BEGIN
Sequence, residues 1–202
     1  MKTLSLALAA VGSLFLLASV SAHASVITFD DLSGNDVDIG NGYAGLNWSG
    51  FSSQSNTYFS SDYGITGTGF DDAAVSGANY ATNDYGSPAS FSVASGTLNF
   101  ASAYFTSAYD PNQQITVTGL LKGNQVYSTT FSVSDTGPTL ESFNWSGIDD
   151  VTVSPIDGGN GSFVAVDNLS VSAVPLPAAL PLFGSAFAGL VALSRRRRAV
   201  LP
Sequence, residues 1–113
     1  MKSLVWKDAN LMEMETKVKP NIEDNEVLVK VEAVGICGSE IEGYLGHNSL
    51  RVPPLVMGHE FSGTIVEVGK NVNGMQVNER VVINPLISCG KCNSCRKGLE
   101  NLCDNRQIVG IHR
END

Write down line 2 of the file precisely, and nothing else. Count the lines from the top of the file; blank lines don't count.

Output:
     1  MKTLSLALAA VGSLFLLASV SAHASVITFD DLSGNDVDIG NGYAGLNWSG